Ambarella's products are used in a wide variety of human and computer vision applications, including video security, advanced driver assistance systems (ADAS), electronic mirror, drive recorder, driver/cabin monitoring, autonomous driving and robotic applications. Per a recent evaluation, an Ambarella computer vision (CV) system on chip (SoC) and PCB were run on the Cadence Clarity 3D Solver. Results of both simulations show that when there is no solid reference plane for high-speed signals, the Clarity 3D Solver identifies the Ambarella design defects and correct scattering parameter (S-parameter) response. For both simulations, the Clarity 3D Solver, a 3D electromagnetic solver using 32 CPUs, took just 29 hours to process the case with 202 ports running at 48 bits via a LPDDR4 interface on a geometrical combination of package and PCB layout design. "Ambarella continuously upgrades our system design methodologies to stay ahead of the competition," said Chan Lee, vice president of VLSI at Ambarella, Inc. "The speed, capacity and accuracy of the Cadence Clarity 3D Solver enable us to accelerate our design process and shorten our schedule. We expect that many of the likely challenges of our next-generation 5nm AI design project can be easily and quickly addressed with the Cadence Clarity 3D Solver."
IIT-Ropar, one of the eight new IITs established by the Ministry of Human Resource Development (MHRD), Government of India, and TSW, the executive education division of Times Professional Learning (a part of The Times of India Group), have launched a Post Graduate Certificate Programme in Artificial Intelligence & Deep Learning. The programme will be coordinated by The Indo-Taiwan Joint Research Centre (ITJRC) on Artificial Intelligence (AI) and Machine Learning (ML), at IIT-Ropar. Supported by the Ministry of Science and Technology, Taiwan, ITJRC is a bilateral centre for collaborative research in disruptive technologies like AI and ML. The programme, with its focus on Artificial Intelligence and Deep Learning, has an eligibility criterion of a minimum of 2 years of work experience in the IT industry. Though an engineering degree is a desirable prerequisite for this programme, one does not need a coding or mathematics background to be eligible.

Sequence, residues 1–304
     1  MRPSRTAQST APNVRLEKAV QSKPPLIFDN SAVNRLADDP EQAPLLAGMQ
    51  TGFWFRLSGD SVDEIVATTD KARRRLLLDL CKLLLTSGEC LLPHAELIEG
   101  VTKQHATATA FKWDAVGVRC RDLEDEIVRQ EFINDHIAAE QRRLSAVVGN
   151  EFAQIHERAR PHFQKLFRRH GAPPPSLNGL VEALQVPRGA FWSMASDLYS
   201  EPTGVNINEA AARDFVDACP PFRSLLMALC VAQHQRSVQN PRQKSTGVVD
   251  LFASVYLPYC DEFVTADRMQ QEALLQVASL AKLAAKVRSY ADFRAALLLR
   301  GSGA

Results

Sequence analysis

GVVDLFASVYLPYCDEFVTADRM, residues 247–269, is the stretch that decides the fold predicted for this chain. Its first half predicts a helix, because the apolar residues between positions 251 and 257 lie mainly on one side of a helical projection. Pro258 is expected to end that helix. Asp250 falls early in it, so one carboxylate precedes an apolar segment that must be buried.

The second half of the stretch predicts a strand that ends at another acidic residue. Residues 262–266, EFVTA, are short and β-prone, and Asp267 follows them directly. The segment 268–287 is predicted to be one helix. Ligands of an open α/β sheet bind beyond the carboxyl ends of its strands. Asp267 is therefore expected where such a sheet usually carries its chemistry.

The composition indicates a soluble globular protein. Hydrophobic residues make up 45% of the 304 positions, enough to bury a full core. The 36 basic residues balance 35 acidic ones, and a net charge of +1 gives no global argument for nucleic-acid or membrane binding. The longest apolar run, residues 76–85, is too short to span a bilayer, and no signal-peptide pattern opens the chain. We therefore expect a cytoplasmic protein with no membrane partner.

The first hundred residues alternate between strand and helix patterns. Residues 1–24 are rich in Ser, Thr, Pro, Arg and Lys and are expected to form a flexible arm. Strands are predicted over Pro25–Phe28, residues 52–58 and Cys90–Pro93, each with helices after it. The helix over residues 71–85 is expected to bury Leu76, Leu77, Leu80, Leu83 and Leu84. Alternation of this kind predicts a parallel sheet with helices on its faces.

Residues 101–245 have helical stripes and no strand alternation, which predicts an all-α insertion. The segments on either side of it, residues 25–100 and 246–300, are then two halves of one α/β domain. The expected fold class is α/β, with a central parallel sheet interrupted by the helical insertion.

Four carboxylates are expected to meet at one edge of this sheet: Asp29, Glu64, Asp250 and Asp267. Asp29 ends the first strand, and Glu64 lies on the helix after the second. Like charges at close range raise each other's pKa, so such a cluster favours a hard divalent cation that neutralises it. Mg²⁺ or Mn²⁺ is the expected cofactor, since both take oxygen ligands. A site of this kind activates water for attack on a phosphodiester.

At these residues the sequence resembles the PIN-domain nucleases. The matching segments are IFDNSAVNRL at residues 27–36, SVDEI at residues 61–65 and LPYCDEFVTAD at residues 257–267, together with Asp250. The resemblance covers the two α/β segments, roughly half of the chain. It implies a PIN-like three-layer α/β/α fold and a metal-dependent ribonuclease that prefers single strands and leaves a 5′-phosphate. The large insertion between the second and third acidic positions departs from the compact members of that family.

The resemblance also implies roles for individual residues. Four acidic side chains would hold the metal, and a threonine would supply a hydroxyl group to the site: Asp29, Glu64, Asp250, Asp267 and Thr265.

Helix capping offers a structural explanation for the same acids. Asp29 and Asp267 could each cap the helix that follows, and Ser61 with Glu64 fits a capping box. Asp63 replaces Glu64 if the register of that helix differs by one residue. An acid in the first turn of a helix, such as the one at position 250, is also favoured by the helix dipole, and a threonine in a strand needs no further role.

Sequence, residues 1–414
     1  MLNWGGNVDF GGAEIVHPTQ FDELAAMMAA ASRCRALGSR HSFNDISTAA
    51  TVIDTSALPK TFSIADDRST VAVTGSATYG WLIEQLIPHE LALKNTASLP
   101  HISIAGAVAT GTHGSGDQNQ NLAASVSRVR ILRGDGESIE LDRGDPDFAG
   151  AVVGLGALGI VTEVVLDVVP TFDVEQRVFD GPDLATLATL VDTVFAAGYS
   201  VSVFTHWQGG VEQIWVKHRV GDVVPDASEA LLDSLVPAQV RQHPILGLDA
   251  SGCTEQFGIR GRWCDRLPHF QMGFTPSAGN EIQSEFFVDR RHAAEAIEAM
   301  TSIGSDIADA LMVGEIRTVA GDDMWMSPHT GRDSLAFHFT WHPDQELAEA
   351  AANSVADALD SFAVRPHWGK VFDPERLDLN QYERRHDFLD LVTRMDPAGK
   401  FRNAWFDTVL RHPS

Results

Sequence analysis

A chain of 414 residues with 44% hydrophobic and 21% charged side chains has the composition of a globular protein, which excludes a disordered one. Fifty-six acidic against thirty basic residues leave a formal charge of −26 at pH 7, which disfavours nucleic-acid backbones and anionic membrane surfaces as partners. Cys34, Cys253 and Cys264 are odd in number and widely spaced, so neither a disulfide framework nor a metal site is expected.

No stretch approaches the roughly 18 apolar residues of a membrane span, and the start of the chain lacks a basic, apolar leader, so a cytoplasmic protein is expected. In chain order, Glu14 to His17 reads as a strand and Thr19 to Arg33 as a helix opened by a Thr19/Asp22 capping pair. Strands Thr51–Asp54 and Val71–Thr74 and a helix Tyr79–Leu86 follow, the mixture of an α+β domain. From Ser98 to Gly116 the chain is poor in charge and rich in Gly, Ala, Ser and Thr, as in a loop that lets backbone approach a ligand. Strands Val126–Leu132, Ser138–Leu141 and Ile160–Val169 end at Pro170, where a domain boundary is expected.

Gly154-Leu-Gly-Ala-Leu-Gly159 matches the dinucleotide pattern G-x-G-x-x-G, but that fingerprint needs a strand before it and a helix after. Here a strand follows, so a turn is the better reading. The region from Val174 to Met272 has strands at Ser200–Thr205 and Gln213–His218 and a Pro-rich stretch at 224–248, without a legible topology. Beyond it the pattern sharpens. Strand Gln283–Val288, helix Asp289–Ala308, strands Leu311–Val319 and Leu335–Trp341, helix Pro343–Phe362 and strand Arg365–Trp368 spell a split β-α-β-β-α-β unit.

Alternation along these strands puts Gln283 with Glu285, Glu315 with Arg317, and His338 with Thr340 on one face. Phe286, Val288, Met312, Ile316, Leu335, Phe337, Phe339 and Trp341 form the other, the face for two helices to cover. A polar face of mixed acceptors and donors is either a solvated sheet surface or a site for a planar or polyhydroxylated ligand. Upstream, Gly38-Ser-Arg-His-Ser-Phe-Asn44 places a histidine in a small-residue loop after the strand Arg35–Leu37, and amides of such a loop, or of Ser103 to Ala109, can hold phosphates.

An important problem faced by auditors is gauging how much reliance can be placed on the accounting systems that process millions of transactions to produce the numbers summarized in a company's financial statements. Accounting sys-ems contain internal controls, procedures designed to detect and correct errors and irregularities that can occur in the processing of transactions. In a complex accounting system, it can be an extremely difficult task for the auditor to anticipate the possible errors that can occur and evaluate the effectiveness of the controls at detecting them. An accurate analysis must take into account the unique features of each company's business processes. To cope with this complexity and variability, the COMET system applies a model-based reasoning approach to the analysis of accounting systems and their controls.
Language processing has a large practical potential in intelligent interfaces if we take into account multiple modalities of communication. Multi-modality refers to the perception of different coordinated media used in delivering a message as well as the combination of various attitudes in relation to communication. In particular, the integration of natural language processing and hypermedia allows each modality to overcome the constraints of the other, resulting in a novel class of integrated environments for complex exploration and information access. Information presentation is a key element of such environments; generation techniques can contribute to their quality by producing texts ex novo or flexibly adapting existing material to the current situation. A great opportunity arises for intelligent interfaces and language technology of this kind to play an important role for individual-oriented cultural tourism.